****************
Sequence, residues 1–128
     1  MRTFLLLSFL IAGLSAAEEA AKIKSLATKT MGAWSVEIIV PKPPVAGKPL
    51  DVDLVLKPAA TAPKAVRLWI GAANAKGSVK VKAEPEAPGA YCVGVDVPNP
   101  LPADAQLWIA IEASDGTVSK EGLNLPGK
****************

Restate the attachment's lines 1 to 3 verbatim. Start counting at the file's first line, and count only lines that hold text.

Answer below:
Sequence, residues 1–128
     1  MRTFLLLSFL IAGLSAAEEA AKIKSLATKT MGAWSVEIIV PKPPVAGKPL
    51  DVDLVLKPAA TAPKAVRLWI GAANAKGSVK VKAEPEAPGA YCVGVDVPNP